This year’s conference is focused on navigating social media and the hosts have gathered a diverse group of speakers from the military, commercial sector, and academia to provide the attendees with a broad range of thought provoking information.

I’m posting at the end of day 2 of 3 and ½. Here are some of the key points you may find of interest:

· Researchers are studying the social media aspects of the Arab Spring and the Occupy movement to see if there are any lessons learned or techniques that should be considered for future operations.

· An interesting angle on analysis is to figure out “what does the enemy worry about” and what don’t they want their audience to believe.

· There will always be no shortage of pictures or video because the population at large is recording what they see.

· Russia is not censoring the Internet, but is using organized crime as a proxy and entertainment (porn) to assuage their population.

· Contractors on the battle field are a fact of life.

· Common causes/issues behind the Arab Spring include:

o Governments rife with patronage and corruption

o Economic problems

o Inability for populations to effect change in their government

o A large and discontent young population

· Al Qaeda’s messaging is becoming irrelevant

· Some in mass movements (Occupy, Flash Mobs) may be motivated by the sense of a fulfilling experience – not necessarily any causes or deep meanings.

· Behavior changes can often be initiated through small, incremental steps.

· Conflicts occur across a ‘difference’ boundary, in other words a divide.

· NATO may be well known, but what it stands for is not. NATO needs to ‘re-brand’ itself so that the current generation knows why NATO exisits.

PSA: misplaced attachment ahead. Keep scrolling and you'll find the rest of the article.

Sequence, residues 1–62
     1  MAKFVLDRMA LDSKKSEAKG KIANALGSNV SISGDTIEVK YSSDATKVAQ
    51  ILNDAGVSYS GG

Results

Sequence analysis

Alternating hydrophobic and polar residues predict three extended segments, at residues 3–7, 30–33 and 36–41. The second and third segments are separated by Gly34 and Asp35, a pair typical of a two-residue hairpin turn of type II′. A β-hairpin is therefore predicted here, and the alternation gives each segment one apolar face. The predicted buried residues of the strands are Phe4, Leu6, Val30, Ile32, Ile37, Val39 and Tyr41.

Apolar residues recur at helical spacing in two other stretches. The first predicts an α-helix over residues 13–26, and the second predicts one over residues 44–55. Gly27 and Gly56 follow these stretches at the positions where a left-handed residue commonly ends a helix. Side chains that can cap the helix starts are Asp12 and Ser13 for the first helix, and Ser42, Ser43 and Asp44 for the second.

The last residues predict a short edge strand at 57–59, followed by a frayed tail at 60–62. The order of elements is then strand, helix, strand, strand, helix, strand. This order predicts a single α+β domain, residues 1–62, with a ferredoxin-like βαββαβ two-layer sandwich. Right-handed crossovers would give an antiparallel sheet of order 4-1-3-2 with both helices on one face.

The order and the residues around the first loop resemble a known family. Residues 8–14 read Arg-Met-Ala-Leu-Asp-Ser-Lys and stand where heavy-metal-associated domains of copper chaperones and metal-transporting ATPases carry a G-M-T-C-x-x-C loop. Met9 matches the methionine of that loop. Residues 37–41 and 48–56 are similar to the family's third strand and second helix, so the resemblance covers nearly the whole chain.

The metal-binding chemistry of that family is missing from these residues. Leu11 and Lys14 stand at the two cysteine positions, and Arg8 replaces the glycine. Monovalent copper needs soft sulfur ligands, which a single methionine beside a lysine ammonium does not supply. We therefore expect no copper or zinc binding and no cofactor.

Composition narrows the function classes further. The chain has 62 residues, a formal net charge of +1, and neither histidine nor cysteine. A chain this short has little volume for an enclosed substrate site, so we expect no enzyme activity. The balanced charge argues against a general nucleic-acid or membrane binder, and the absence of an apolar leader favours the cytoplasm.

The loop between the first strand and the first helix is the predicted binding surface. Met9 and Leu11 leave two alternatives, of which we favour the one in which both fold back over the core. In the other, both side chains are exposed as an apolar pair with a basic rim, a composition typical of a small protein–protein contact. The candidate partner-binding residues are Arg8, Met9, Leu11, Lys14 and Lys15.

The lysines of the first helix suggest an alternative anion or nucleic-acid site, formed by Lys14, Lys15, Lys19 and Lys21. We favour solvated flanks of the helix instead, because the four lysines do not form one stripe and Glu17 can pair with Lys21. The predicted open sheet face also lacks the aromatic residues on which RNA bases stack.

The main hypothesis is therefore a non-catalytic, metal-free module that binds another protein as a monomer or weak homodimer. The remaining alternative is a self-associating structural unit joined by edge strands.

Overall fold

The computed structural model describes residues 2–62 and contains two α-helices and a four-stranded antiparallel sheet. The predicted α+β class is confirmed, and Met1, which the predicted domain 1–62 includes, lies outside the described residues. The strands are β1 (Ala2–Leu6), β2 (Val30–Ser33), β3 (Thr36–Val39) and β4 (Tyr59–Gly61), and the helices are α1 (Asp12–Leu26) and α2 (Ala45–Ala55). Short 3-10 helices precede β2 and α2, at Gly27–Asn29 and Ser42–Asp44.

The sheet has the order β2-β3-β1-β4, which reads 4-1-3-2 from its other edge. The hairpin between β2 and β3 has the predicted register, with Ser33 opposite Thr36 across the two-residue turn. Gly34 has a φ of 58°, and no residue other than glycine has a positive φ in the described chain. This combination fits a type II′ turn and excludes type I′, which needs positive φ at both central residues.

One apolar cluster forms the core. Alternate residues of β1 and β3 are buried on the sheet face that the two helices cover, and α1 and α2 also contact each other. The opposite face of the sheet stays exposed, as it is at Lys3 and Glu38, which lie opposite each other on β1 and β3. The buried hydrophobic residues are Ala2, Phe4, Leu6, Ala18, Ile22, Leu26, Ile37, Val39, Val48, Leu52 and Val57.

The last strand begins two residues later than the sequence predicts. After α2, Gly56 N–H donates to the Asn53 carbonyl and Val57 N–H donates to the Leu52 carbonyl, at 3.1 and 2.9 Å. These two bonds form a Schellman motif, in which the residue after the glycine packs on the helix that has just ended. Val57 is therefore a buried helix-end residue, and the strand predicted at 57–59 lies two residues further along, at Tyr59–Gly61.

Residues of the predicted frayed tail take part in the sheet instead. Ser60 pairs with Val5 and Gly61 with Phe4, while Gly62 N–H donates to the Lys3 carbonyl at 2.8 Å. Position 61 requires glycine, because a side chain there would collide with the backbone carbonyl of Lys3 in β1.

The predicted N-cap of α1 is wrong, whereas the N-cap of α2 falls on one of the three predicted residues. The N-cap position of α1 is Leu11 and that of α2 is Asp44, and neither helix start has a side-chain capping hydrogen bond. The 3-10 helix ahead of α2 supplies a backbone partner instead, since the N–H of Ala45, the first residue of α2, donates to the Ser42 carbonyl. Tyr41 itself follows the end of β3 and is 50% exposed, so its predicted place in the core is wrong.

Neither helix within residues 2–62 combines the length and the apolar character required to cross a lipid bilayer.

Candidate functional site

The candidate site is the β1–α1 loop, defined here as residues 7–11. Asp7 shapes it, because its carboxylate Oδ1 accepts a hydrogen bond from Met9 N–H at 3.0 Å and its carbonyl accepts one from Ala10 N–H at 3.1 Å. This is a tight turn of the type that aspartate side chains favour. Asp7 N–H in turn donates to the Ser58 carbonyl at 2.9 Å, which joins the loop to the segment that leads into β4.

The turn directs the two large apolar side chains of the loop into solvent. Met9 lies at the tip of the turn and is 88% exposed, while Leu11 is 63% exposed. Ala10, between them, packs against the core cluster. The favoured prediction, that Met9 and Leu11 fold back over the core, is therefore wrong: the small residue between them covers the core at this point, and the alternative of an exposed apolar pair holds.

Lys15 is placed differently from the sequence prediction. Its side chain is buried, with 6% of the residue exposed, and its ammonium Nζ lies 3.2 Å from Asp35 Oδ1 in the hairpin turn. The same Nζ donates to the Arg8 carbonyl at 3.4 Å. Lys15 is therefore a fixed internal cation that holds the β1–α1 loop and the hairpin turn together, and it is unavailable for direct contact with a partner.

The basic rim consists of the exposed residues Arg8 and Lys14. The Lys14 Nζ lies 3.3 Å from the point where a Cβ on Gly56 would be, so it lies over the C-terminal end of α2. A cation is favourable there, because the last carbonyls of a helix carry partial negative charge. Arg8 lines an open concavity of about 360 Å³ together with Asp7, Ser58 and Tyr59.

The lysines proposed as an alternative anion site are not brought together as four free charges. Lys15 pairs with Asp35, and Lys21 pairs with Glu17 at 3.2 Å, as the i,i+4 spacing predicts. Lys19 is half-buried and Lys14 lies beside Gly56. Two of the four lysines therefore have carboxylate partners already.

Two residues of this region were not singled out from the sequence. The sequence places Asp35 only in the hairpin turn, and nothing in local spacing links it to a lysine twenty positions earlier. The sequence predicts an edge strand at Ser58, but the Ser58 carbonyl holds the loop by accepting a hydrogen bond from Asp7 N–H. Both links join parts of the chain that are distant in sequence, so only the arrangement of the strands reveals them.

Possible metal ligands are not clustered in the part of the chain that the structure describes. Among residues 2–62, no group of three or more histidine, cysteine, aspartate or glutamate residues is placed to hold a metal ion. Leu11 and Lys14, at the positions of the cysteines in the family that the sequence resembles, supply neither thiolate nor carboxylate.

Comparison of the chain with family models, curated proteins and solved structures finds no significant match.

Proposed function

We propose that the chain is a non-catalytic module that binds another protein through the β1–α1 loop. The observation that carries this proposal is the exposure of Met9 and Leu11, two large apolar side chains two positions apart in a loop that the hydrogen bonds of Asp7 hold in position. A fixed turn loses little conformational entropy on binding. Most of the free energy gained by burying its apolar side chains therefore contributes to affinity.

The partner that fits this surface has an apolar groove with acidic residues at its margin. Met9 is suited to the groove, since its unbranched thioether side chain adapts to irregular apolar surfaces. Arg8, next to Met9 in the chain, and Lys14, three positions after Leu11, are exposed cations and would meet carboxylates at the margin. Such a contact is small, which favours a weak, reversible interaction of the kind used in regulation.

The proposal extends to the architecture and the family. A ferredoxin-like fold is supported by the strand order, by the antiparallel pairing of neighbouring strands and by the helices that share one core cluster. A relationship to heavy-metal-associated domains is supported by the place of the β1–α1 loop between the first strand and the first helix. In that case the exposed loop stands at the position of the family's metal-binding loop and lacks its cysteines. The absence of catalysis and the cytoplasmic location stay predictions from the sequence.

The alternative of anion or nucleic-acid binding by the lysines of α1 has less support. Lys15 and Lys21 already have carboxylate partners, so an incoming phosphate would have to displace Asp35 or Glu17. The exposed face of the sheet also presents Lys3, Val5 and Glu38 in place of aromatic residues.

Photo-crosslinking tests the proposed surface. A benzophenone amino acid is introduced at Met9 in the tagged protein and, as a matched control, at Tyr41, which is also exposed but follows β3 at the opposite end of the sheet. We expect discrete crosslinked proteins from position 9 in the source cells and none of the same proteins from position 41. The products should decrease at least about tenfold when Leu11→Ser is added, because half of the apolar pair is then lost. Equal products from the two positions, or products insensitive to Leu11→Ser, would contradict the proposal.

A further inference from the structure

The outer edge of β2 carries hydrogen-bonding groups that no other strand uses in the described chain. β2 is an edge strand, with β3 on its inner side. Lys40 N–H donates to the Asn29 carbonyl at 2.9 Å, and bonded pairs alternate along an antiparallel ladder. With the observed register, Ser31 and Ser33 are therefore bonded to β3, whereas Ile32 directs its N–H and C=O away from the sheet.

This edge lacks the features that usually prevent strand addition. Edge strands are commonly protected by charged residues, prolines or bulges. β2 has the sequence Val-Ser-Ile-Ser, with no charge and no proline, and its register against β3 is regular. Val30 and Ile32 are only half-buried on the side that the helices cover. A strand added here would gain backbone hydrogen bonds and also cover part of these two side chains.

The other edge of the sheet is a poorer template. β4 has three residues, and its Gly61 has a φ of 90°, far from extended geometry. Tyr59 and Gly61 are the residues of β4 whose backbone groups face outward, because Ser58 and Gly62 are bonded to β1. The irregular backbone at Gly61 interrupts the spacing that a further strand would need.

· Cyber conflict and incidents dos not have to be waged by governments, but cyber war does.

· Afghanistan isn’t a 10 year war, but 10 one year wars due to rotation of personnel.

· Relationship based societies do not want to be re-cast into transaction based societies.

· There is a difference between teaching and fostering learning.

· Trust is a cornerstone.

· New strategies and operational concepts/techniques need to be developed to allow forces to be in the fight, but not at the fight. (Witness Libya)

· Cyber War is a legal quagmire.

· Cyber War effects may be flu like rather than measureable like body count.

· Cyber War will likely be a prelude to kinetic war.

· Cyber Influence (CyIn) requires all source battlefield preparation.

· CNO require technology profiling of the battlefield.

My service at the NATO HQ in Bosnia was a great experience for me because I had the rare opportunity of working side by side with military and civilian personnel from throughout the NATO alliance. Shared experience builds more than bonds, it builds the kind of relationships that are needed to fight and win today’s and tomorrow’s conflicts.

As always, reader input invited.